Earlier this year, Apple debuted what it calls Expanded Protections for Children. It’s a suite of features that are baked into Apple’s software, including iOS, iPadOS, and macOS. The goal is to help protect children from abuse, among other child safety endeavors. With the first iOS 15.2 beta hinted at one of the feature’s return, it looks like that will indeed be happening with the public launch.
Back when Apple seeded the first beta of iOS 15.2 to developers, that prerelease software technically re-added the Communication Safety feature for Messages. However, despite the feature being present, it could not actually be enabled. This suggested that Apple was still in active stages of testing the feature, but that it might not reach the full, public release of iOS 15.2 whenever that happened.
With today’s beta seed, though, it looks like that will be the case. The feature is now enabled, which means it can be switched on and activated for children’s devices.
Communication Safety is the tool that’s present in iOS, iPadOS, and macOS. It will be built into the Messages app on those platforms, and it serves to offer up warnings of potentially explicit photos being shared in the app. Both children and the parents will be notified of that potentially harmful material. Those warnings will be issued when a photo is shared to the child or sent from the child’s device.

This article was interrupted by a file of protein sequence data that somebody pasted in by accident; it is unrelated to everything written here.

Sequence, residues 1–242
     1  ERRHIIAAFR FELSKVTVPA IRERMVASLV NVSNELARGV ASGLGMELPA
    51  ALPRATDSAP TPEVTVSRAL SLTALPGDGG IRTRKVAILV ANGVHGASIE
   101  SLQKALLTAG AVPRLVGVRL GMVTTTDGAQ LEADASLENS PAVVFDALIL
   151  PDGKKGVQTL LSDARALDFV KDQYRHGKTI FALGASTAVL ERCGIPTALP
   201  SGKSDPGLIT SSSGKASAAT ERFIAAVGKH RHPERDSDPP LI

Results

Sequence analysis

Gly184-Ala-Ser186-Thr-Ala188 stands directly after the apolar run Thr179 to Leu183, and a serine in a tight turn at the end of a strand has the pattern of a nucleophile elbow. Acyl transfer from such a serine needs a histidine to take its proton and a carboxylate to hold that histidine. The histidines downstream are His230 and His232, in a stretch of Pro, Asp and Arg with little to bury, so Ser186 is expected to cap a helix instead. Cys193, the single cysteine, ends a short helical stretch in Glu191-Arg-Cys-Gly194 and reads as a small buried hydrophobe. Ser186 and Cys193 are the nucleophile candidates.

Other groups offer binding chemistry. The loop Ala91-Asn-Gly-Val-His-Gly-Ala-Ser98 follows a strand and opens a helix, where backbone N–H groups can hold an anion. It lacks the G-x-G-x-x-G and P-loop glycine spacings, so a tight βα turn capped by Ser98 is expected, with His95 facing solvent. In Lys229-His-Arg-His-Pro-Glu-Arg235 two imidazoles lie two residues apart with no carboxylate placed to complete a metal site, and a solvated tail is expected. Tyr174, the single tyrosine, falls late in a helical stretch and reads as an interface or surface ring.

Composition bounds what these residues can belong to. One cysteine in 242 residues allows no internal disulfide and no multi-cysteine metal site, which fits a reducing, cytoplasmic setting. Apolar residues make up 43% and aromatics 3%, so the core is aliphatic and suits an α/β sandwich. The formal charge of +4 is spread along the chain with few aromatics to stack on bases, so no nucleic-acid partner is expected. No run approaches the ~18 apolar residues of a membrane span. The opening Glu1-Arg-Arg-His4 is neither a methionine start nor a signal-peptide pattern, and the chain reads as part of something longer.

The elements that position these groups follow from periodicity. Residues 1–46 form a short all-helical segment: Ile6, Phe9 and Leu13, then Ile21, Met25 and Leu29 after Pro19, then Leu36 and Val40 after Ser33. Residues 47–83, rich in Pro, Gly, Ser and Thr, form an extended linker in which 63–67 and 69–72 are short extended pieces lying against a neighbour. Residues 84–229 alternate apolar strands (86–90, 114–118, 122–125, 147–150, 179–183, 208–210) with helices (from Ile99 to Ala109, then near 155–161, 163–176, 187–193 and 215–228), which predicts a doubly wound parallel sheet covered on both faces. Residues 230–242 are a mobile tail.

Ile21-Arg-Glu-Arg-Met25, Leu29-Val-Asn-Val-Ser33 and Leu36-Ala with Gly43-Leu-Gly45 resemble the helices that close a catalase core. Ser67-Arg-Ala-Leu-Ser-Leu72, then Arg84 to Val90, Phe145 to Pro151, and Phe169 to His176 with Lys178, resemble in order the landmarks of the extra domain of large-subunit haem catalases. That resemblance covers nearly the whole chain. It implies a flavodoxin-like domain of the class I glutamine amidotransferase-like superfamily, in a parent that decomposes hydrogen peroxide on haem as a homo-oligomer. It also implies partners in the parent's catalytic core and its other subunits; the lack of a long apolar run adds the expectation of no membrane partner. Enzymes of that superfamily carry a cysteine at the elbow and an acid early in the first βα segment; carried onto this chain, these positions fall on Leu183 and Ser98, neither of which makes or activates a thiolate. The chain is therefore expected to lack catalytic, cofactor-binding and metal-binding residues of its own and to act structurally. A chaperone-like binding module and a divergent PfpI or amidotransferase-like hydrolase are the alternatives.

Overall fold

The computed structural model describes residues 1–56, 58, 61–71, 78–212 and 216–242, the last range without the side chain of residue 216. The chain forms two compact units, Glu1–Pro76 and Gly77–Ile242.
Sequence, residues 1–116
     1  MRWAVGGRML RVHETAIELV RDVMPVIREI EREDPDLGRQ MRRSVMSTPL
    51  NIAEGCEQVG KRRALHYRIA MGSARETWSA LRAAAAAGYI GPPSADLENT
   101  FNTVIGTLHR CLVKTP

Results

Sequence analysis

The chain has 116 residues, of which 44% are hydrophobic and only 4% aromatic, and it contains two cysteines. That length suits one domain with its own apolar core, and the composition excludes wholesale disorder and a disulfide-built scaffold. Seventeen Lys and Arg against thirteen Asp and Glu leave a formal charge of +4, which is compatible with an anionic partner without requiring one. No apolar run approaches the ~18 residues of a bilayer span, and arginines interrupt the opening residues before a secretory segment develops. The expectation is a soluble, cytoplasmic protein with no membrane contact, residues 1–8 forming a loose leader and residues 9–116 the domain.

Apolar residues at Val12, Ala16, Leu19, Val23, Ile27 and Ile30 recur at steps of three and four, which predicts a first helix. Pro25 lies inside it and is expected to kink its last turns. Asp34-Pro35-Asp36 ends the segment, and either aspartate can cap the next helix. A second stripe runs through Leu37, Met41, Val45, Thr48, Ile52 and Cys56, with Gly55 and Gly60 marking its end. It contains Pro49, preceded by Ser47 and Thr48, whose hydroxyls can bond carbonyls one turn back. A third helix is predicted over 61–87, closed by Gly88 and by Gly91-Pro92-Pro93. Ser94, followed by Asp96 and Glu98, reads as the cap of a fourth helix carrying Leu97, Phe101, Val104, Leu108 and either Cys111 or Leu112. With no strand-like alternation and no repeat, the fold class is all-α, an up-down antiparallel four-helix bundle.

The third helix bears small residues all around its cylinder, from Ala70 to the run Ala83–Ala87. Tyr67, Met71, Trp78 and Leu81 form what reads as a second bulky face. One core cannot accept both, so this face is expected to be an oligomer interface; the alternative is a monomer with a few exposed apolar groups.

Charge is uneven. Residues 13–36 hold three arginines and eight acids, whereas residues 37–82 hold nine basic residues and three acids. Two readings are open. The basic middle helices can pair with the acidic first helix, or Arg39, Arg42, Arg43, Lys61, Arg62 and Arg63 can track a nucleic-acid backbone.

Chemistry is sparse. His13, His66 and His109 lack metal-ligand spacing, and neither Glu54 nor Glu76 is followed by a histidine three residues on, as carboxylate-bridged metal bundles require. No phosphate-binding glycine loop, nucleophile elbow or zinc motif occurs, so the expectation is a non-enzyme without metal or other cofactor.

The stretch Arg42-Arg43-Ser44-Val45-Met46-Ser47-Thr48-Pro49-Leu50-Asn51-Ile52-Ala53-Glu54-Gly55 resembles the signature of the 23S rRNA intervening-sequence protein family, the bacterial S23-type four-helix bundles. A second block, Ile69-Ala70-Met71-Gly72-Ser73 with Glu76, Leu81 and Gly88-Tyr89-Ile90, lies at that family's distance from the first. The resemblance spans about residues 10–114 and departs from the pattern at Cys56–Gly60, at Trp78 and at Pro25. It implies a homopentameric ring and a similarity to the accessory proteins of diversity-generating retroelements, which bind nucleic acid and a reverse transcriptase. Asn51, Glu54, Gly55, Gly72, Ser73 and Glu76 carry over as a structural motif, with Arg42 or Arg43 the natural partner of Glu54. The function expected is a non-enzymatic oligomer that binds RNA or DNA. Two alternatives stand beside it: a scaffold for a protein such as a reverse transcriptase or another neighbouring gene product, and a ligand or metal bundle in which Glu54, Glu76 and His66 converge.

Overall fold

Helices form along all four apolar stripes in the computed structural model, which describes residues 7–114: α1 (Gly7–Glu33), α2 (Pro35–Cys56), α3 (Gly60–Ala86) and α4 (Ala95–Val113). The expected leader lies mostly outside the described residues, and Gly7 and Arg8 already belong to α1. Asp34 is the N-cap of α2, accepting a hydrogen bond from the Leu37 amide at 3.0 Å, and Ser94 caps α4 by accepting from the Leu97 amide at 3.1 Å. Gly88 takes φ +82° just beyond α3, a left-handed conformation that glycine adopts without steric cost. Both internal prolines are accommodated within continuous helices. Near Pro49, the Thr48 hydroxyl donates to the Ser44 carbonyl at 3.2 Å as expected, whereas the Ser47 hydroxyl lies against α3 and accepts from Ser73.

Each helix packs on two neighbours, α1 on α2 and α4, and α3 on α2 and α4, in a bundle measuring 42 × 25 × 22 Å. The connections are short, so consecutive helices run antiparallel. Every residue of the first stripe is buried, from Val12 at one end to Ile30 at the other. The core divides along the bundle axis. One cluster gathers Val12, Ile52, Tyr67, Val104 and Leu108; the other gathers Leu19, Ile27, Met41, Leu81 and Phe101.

Here are some of the messages that a child may see in this situations:
- You are not alone and can always get help from a grownup you trust or with trained professionals. You can also block this person.
- You are not alone and can always get help from a grownup you trust or with trained professionals. You can also leave this conversation or block contacts.
- Talk to someone you trust if you feel uncomfortable or need help.
- This photo will not be shared with Apple, and your feedback is helpful if it was incorrectly marked as sensitive.
- Message a Grownup You Trust.
- Hey, I would like to talk with you about a conversation that is bothering me.
- Sensitive photos and videos show the private body parts that you cover with bathing suits.
- It’s not your fault, but sensitive photos can be used to hurt you.
- The person in this may not have given consent to share it. How would they feel knowing other people saw it?
- The person in this might not want it seen-it could have been shared without them knowing. It can also be against the law to share.
- Sharing nudes to anyone under 18 years old can lead to legal consequences.
- If you decide to view this, your parents will get a notification to make sure you’re OK.
- Don’t share anything you don’t want to. Talk to someone you trust if you feel pressured.
- Do you feel OK? You’re not alone and can always talk to someone who’s trained to help here.
The software feature will offer up different prompts depending on the age bracket of the child. There will be different messages for kids under 13 and kids 13 and older. And apparently’s software will not send a notification to parents if a 13-year-old views a photo with nudity in it (but a notification will be sent if the child is under 13 years old).
As it stands, only the Communication Safety feature within Messages is now live, one of the three features debuted earlier this year with the Expanded Protections for Children suite. The more contentious one, Apple’s feature to scan iCloud Photo Libraries for known child sexual abuse material, or CSAM, does not appear ready to go live quite yet.